La Rondine at Opera Holland Park


Opera Holland Park, carrying something of the mantle for staging lesser-known works, revisit La Rondine this season on the opera’s centenary. It’s their third production of the work, eclipsing virtually every other company’s efforts to stage it since its premiere in Monte Carlo in 1917. After an encouraging run, La Rondine fell from favour, not making its UK premiere until the 1960s, and then managing only a smattering of appearances since.

One of Puccini’s later operas, it has – perhaps unfairly – been sidelined in favour of the composer’s more famous works. Admittedly, it lacks any signature arias so characteristic of his crowd-pleasers but it is, in its own right (and highlighted by this production), a thoroughly pleasing evening’s entertainment.

Commissioned during the dusk of the Second Republic, it had rather a reluctant birth, falling both during the vogue of operetta – something Puccini couldn’t abide himself – before struggling through its writing while the world was in the grip of war. It didn’t help that it was the Viennese who’d commissioned it before Italy then entered the conflict – on the other side – which also accounts why it opened in Monte Carlo. Seven years since his last work, three years in the making, and during a period of upheaval both global and personal (with his son involved in the conflict), little wonder it’s fallen from favour, like an afterthought, as if Puccini’s heart wasn’t in it.

But that is to dismiss it too readily. His heart is in it. It’s a captivating tryst of betrayal and deceit in the pursuit of true love, where much of the emotion goes well beyond the usual operatic precepts.

Set in fin-de-siecle Paris, in what must be bohemian Montmartre (such as it deals with poets, courtesans and a deliciously decadent nightclub, Bullier’s), it centres on Magda, our anti-heroine, like a latterday Pretty Woman, now out of her salacious past and hosting cocktail parties at her benefactor Rambaldo’s fancy apartment. Inspired by a take on romance by one of her party guests, the poet Prunier, she revisits her past in Bullier’s, where she meets Ruggero, the son of one of Rambaldo’s friends. Not wishing to give herself or her past life away, she takes on a different identity and finds herself falling for him whereupon – to cut a short story shorter – she elopes with him to the south of France, dismissing Rambaldo and her comfortable bourgeois life in the process, yet still weighed down by the burden of her duplicity.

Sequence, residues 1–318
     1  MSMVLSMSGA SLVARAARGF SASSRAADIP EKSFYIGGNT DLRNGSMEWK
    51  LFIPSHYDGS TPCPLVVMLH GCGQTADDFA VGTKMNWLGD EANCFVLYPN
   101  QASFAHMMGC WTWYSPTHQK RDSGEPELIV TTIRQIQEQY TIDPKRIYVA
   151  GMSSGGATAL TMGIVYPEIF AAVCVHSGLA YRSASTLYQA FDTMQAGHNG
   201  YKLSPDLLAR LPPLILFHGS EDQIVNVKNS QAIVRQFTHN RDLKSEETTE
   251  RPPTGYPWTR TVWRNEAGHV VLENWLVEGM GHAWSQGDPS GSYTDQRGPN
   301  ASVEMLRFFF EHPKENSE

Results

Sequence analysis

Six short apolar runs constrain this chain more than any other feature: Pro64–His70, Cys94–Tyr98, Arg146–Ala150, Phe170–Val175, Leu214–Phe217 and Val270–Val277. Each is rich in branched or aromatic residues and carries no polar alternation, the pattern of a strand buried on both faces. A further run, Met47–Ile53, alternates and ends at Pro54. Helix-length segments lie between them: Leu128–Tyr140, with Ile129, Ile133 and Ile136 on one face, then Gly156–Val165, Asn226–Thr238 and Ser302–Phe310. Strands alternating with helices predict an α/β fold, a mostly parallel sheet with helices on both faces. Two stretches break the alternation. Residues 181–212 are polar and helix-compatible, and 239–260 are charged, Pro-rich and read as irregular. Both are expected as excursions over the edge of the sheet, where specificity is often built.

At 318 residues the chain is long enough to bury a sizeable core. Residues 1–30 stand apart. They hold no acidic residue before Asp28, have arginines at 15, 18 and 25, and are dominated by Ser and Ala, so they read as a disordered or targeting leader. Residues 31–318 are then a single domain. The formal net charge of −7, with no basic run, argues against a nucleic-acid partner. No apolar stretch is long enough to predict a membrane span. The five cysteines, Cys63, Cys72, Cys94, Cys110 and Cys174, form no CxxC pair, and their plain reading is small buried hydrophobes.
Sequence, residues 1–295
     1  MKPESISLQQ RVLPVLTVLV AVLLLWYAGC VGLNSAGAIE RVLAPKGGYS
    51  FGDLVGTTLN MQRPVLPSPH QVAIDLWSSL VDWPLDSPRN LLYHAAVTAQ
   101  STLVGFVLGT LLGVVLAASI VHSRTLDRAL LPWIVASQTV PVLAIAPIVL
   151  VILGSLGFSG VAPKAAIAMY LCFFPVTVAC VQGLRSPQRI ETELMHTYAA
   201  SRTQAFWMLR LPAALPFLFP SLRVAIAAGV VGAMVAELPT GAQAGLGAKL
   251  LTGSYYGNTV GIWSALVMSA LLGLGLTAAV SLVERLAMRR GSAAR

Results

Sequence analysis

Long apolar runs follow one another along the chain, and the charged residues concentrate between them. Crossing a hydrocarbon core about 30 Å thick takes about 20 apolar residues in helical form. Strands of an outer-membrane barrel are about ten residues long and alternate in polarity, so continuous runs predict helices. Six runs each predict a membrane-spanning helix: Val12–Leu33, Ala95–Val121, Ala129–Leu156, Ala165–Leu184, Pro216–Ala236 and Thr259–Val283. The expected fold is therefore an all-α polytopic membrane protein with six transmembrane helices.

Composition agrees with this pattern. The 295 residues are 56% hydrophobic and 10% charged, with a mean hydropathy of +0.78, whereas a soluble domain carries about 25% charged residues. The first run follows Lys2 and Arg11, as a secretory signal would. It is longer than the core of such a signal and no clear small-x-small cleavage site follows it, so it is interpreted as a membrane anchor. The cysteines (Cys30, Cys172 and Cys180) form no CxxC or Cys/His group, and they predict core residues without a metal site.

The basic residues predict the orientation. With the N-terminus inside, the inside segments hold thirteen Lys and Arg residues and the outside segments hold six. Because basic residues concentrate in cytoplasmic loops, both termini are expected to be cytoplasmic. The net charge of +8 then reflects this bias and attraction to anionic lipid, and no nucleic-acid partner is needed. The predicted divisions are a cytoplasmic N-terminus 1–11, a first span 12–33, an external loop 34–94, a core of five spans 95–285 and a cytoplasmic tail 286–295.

Musically, La Rondine may lack the crowd-pleasing melodies of its more famous siblings but that doesn’t stop this being engaging, and there is some characteristic Puccini here, with sweeping strings, inventive tempos, weighty choruses and some deft melodic touches, particularly the beautiful, tender duet between Ruggero (with the rich tenor texture of OHP first-timer Matteo Lippi) and Magda at the end of Act II, and again the anguish of theirs that closes the production. Elizabeth Llewellyn gives a stand-out performance as Magda, showing the delicate touches of her range against the power of her top flight displayed through the bigger numbers, making this production worth a visit for her performance alone.

As ever, the company and cast have done a terrific job of bringing La Rondine out of its shell. Director Martin Lloyd-Evans sets it in the 1950s and the contemporary choreography – with jiving dancers in Bullier’s chorus sequences – seemingly juxtapose against the score but give it some real innovation and vitality.

And one of OHP’s touchpoints is always the staging; with limited options given the backdrop of Holland House’s front terrace, anticipating clever production design is always a joy. Here, there’s a great reveal for Bullier’s at the start of Act 2 and, again, deploying the same structure for set in Act 3, turning a Parisian bordello into a Provençal poolside is testament to their continued inventiveness.

It’s the risks that pay off with OHP’s seasons year after year, introducing many an unknown work to an established opera-goer, and giving those of us with an enthusiastic appetite (but little knowledge in the way of the menu) always something new to try, and to be so glad that we did.

La Rondine runs for seven nights in June. For details of performances and to book tickets, and for more information of the other productions this season, visit